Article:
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Wave Of Insurgent Attacks In Iraq Kills At Least 56 People As Sectarian Violence Surges

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BAGHDAD — Insurgents unleashed a new wave of attacks on Tuesday in Iraq, killing at least 49 people, officials said, the latest in a surge in violence across the country that has raised concerns over a return to sectarian bloodshed. Also, seven militants were killed.

There was no claim of responsibility for the attacks, mostly car bombs in Shiite areas. Al-Qaida's Iraq branch, which has been gaining strength in recent months, frequently targets Shiites, security forces and civil servants in an effort to undermine the Shiite-led government in Baghdad.

Iraq is weathering its deadliest outburst of violence since 2008, with more than 2,000 people killed since the start of April. The bloodshed appears to be largely the work of resurgent Sunni militants such as al-Qaida, feeding off Sunni discontent with the Shiite-led government.

Violence increased sharply in April and May, with frequent bombings in civilian areas raising concerns that a widespread sectarian conflict might once again break out in Iraq. The bloodshed accelerated after a deadly April 23 crackdown by security forces on a Sunni protest in the northern town of Hawija against the Shiite-led government.

In Baghdad's northern Shaab neighborhood, two parked car bombs targeted car dealers and a commercial area, killing nine people, including a policeman, a police officer said. He said 24 others were wounded.

In the Shula neighborhood, a bomb exploded in an open-air market in, followed by a second blast after rescuers rushed to the scene, killing 10 civilians and two policemen, a police officer said. Twenty-seven people were wounded.

Five civilians were killed and 16 wounded in a car bomb explosion in a market in Baghdad's eastern suburb of Kamaliya. A car bomb ripped through a commercial area in the capital's southern Dora neighborhood, killing four and wounding 15, police said.

In the predominantly Sunni neighborhood of Amiriyah, two civilians were killed and 12 wounded in a car bomb explosion in a commercial area. Three others were killed and 13 wounded in another car bomb explosion in the northern Hurriyah neighborhood.

Also Tuesday, clashes erupted at dawn between security forces and militants in Baaj, a remote northwestern town near the Syrian border, and left four policemen dead and five wounded. Police said seven militants were killed.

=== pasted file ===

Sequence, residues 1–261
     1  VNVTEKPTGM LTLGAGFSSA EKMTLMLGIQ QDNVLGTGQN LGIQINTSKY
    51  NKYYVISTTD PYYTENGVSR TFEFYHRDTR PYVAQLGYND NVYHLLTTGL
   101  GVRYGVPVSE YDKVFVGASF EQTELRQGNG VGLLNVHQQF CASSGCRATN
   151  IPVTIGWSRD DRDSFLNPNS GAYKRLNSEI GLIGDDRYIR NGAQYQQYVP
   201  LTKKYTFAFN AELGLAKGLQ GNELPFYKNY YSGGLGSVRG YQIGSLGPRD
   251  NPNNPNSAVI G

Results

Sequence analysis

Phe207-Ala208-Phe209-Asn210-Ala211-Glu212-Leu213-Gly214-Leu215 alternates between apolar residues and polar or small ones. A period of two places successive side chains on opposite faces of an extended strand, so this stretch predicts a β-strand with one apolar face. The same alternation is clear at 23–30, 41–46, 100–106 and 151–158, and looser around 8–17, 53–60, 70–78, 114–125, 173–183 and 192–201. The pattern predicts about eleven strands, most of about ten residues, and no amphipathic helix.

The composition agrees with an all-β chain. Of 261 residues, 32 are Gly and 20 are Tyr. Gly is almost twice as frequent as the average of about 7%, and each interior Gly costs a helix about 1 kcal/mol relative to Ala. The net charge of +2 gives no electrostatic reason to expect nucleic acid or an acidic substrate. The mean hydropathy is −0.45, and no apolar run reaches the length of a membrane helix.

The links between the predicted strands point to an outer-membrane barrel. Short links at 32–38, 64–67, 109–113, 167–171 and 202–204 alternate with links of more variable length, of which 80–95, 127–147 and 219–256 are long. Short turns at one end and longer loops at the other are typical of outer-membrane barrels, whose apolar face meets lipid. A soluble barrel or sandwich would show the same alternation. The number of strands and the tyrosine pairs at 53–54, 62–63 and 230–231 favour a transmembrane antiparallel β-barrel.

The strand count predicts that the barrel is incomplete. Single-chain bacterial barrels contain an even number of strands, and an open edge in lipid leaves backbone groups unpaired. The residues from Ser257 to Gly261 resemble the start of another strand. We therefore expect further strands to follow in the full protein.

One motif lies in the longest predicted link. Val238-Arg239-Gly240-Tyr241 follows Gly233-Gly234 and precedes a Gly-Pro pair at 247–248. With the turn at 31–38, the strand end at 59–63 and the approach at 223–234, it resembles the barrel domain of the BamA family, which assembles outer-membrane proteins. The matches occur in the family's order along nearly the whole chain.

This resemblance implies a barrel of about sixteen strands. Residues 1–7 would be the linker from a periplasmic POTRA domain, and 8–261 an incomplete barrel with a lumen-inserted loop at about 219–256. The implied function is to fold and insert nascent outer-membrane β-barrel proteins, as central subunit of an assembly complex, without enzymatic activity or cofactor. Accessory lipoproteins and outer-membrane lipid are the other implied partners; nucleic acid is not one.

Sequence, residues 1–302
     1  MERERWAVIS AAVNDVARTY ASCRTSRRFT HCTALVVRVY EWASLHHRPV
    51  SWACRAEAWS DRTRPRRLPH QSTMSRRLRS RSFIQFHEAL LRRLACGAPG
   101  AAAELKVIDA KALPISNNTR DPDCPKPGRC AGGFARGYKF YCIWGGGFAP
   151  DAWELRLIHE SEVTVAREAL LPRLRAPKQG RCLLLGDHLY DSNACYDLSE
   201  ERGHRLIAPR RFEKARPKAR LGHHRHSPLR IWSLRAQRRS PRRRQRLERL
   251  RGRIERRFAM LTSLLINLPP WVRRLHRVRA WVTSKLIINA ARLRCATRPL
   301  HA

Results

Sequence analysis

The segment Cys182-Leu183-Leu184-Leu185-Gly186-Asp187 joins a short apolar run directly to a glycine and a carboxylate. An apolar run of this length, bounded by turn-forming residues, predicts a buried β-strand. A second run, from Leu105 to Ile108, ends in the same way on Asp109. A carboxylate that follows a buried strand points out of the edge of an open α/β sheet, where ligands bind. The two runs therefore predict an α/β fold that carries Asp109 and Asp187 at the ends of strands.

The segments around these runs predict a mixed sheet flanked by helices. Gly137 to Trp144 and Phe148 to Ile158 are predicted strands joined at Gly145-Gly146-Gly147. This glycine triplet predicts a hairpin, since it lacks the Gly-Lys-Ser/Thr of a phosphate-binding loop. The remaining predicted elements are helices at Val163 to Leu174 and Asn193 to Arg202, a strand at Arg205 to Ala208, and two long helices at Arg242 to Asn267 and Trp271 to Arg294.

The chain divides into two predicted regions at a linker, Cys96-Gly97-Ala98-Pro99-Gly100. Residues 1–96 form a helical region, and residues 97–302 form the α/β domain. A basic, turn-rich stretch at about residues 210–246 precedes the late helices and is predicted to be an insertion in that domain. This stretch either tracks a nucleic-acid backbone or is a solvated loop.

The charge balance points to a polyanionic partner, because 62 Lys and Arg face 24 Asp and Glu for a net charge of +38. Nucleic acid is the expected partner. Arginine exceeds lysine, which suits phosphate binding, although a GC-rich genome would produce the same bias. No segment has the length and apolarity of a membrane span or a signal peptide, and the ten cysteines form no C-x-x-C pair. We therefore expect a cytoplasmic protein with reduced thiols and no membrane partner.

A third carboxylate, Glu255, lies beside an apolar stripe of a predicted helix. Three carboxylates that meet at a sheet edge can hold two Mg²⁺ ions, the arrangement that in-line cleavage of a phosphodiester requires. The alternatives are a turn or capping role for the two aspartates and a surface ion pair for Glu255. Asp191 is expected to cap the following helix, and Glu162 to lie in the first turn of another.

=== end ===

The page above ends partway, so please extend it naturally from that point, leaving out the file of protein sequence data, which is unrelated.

In another attack, a government-allied, anti-al-Qaida Sunni militiaman was killed and two others wounded when a bomb attached to their car exploded in the western Baghdad suburb of Abu Ghraib, police said. The pro-government militiamen, or Sahwa, joined with U.S. troops to fight al-Qaida before the U.S. pullout in late 2011. Since then, they have been a frequent target for al-Qaida in Iraq, which considers them traitors.

Also in Abu Ghraib, a car bomb killed three civilians and wounded six others.

Elsewhere in Baghdad, a barber was gunned down by gunmen in a speeding car, and a physician was killed by a bomb attached to his car.

Outside the city of Baqouba, about 60 kilometers (35 miles) northeast of Baghdad, a suicide bomber blew himself up inside a tent where a funeral was taking place, killing four and wounding 17 others, Provincial councilman Sadiq al-Husseini said. Police could not say whether the targeted funeral was for a Shiite or Sunni family.

In the oil-rich city of Basra in southern Iraq, two car bombs exploded outside a hotel which hosts mainly foreign investors, wounding three Iraqi civilians, police said. The explosion shattered the windows of the hotel, and foreigners were seen leaving it in armored vehicles. Basra is 550 kilometers (340 miles) southeast of Baghdad.

Five medical officials confirmed casualty figures. All spoke on condition of anonymity as they were not authorized to release information to reporters.

At least 40 people were killed the day before in Iraq. According to the United Nations mission to Iraq, last month's violence claimed the lives of 761 Iraqis and wounded 1,771 others.

___

Associated Press writer Sinan Salaheddin contributed to this report.

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